The United States imposed sanctions on North Korean officials implicated in human rights abuses for the first time Wednesday, in conjunction with substantial sanctions already in place over the regime's nuclear weapons programme.
The Treasury Department on Wednesday added 16 more individuals and entities to its sanctions list that are responsible for human rights violations in North Korea.
North Korean ruler Kim Jong Un, grandson of the founder of the reclusive communist state, is among 10 top officials named, along with officials in charge of political prisoner and labour camps and those responsible for hunting down defectors worldwide.
"Under Kim Jong Un, North Korea continues to inflict intolerable cruelty and hardship on millions of its own people, including extrajudicial killings, forced labour, and torture," said Adam Szubin, acting under secretary for terrorism and financial intelligence.
The political prison camps hold between 80,000 to 120,000 prisoners, including children and other family members according to a Treasury Department release.
One Treasury official, who oversees human rights and labour issues, said many of the people on the list had not been previously known.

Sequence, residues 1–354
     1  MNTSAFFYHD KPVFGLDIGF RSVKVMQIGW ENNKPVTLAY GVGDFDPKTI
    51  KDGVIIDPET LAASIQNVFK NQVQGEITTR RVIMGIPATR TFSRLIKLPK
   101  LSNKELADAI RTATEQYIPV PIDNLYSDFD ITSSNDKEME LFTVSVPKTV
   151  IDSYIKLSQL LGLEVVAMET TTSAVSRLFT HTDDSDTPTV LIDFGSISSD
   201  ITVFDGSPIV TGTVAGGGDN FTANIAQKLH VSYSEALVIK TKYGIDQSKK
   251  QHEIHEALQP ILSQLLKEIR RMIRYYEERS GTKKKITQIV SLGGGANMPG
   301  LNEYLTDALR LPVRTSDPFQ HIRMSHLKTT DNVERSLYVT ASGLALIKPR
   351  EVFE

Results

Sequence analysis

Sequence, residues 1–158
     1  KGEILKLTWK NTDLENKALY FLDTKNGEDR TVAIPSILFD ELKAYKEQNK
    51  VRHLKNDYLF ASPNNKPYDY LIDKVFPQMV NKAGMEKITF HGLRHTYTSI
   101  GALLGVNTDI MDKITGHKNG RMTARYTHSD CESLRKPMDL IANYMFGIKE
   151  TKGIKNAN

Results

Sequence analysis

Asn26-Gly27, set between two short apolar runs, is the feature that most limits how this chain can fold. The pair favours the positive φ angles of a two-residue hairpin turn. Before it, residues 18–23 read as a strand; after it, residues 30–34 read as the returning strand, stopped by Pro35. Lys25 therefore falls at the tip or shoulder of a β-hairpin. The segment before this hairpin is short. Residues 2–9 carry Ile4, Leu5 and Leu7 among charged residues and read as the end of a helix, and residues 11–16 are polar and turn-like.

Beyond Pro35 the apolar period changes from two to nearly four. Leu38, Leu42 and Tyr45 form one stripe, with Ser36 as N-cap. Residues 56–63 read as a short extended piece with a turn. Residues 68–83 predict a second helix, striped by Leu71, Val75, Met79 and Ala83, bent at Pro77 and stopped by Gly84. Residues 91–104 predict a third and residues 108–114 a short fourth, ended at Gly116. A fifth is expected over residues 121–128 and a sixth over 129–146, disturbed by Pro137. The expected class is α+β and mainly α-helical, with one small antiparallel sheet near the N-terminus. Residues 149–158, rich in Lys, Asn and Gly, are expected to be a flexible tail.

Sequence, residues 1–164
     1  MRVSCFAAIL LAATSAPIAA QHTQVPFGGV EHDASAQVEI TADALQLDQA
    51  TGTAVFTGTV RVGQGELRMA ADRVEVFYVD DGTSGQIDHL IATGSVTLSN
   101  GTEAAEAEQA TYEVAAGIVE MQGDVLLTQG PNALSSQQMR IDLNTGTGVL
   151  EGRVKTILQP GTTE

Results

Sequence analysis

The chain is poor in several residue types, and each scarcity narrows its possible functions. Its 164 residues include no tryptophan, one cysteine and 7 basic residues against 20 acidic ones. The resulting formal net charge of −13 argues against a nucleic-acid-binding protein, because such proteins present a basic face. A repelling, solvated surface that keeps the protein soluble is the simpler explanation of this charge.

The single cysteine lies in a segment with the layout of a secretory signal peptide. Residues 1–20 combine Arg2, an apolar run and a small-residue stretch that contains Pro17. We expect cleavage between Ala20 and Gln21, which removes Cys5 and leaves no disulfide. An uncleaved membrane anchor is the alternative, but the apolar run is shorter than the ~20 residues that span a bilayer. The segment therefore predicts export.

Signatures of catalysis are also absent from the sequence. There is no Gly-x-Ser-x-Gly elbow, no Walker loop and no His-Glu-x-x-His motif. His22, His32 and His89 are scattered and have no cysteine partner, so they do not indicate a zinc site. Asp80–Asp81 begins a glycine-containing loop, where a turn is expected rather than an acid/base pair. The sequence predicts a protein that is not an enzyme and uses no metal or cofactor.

"This won't bring any sort of dramatic change, but lifting anonymity of these functionaries will make them think twice when they consider and act of cruelty or oppression," the treasury official said, speaking on condition of anonymity.
The sanctions freeze any property that listed the individuals might control within US jurisdiction and prohibit Americans from transactions with them.
North Korea has already been heavily sanctioned by the US for its nuclear programme, so Treasury officials acknowledged that the sanctions would not have much impact on these individuals or entities under the current regime.
However, officials said that the new sanctions aim to highlight and deter human rights abuses specifically happening under the ruling Workers' Party of Korea.
"Not only can we address human rights and nuclear issues at the same time, but we have to," a Treasury official said. "This reflects a different and separate effort than trying to deal with the nuclear programme."
US officials pointed out that sanctioning top leaders including heads of states is not unusual. In the past, the US has sanctioned figures including former Libyan leader Muammar Gaddafi.
On Wednesday, the US Treasury imposed penalties on 11 officials and five government entities. Four of the individuals and three of the entities had already been sanctioned.
Individuals and groups will be added to the list as more information is found, the Treasury Department said.